Brian Stevens added: “I’ve been doing this with Google for 12 months now. And I think hearing that [criticism] 12 months ago I probably would have gone, well, maybe. Now I think that’s changed. I think the conversation that we’re having in the enterprise space, and the investments that Google has made in the alliance with the people you see [the clients], are absolutely paying off.”
Google Cloud is “getting into specific use cases for big enterprises,” Stevens said. “And the conversation, while initially was ‘you’ve got to sell me on Google,’ is now: ‘How can we make that work and how can we use that platform to do things differently?’ So I wouldn’t say we’ve totally reached a tipping point, but I think we’re pretty close.”
The Cloud Price War: Not What It Seems
A reporter from Bloomberg noted that the fierce price war between Google, AWS and Microsoft seems to have leveled off – we see fewer headlines about price cuts. “And maybe I’m wrong, but is it cooling off? Is Google okay with pricing now?”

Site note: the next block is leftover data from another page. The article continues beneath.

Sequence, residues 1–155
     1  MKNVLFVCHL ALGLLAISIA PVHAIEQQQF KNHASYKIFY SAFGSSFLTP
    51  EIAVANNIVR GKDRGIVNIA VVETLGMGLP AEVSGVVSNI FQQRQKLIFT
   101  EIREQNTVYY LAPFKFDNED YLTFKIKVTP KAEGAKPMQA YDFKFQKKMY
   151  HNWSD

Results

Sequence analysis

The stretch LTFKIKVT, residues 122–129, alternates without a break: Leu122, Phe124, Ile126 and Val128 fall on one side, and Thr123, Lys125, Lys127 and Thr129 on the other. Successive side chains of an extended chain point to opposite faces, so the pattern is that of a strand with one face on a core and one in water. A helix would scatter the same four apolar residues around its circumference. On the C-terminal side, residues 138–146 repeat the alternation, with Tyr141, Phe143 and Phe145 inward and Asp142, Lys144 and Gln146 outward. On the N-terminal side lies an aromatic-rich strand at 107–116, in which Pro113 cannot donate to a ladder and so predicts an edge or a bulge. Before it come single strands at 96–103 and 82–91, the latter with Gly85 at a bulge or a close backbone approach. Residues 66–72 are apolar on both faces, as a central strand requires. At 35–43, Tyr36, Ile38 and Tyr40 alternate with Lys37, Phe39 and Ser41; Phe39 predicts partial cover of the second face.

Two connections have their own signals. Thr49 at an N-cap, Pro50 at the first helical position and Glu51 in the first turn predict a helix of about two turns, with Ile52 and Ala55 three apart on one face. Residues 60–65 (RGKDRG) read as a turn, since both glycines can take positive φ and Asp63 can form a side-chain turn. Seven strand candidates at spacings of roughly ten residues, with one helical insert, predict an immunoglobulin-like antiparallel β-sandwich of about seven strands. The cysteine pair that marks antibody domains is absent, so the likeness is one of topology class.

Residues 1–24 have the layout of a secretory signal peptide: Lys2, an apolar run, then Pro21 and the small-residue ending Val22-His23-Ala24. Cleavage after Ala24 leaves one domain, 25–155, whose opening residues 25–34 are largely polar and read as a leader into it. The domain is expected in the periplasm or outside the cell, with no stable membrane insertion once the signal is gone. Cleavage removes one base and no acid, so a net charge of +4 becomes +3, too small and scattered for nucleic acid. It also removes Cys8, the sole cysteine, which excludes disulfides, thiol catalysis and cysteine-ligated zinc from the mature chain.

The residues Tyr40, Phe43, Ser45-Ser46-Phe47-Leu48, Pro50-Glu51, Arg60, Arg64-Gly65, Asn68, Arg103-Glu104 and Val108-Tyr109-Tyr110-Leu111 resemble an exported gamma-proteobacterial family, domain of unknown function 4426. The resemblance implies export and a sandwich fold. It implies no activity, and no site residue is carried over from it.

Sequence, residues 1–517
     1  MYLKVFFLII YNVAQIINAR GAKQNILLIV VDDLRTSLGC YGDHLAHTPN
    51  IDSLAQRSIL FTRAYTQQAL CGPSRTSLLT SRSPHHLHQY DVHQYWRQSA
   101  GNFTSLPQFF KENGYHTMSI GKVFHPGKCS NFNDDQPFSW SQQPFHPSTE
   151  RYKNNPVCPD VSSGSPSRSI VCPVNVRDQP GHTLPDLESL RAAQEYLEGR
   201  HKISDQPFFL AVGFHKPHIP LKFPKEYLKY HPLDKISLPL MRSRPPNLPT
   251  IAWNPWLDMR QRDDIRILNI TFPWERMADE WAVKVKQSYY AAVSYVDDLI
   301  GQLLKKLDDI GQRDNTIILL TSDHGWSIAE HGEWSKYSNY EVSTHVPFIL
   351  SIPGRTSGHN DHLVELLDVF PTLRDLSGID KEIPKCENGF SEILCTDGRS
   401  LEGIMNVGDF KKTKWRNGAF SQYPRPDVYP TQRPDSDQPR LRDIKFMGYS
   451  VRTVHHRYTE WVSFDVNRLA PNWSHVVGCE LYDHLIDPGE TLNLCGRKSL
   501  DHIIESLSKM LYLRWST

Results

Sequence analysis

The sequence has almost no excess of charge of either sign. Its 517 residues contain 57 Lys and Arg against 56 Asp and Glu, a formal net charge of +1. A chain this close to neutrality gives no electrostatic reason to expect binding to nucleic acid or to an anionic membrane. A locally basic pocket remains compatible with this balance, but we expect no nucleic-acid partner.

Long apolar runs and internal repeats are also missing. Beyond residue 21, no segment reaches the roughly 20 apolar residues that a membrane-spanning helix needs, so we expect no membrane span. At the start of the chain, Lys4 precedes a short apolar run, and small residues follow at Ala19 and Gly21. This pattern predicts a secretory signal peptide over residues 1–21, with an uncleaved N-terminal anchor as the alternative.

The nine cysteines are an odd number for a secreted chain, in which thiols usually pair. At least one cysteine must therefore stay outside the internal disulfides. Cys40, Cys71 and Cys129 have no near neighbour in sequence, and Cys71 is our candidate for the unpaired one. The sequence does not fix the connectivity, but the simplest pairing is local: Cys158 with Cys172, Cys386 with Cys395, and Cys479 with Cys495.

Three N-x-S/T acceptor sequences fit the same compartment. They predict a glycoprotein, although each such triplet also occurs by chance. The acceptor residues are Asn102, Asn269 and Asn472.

Brian Stevens: “Our [pricing] is, to be honest, completely driven by measurable infrastructure improvements. So the numbers that you’re seeing aren’t even looking at the competition. They’re looking at the efficiencies. We actually can cost out all of our ongoing infrastructure for our platform, which we actually charge back to the group.”
Efficiencies could come from “deploying different servers that are lower cost, but it also comes from our network management, disc technologies that we use, even some of our operational things, all that is sort of built in on our cost for our own platform. So as we change, we know from P&Ls from every product level what that costs. And as that changes we pass that back on.”
To me, that seemed hard to believe – all the cloud vendors’ price cuts seem market driven, to remain competitive. So I asked Stevens: Google’s price cuts were entirely driven by internal concerns, and not market competition?
“That’s right – 100 percent,” he said. “We actually modeled those. We built our plans for next year. We have a set of goals around infrastructure efficiencies that we’re going to drive next year as well.”
“Those are mapped right back into further and further discounts,” he said. “So the model, for us, will continue.”
Hmmm. I’m definitely hearing that as “further price cuts.” It’s getting ever tougher to be a cloud provider. Remarkably deep pockets are required to remain competitive.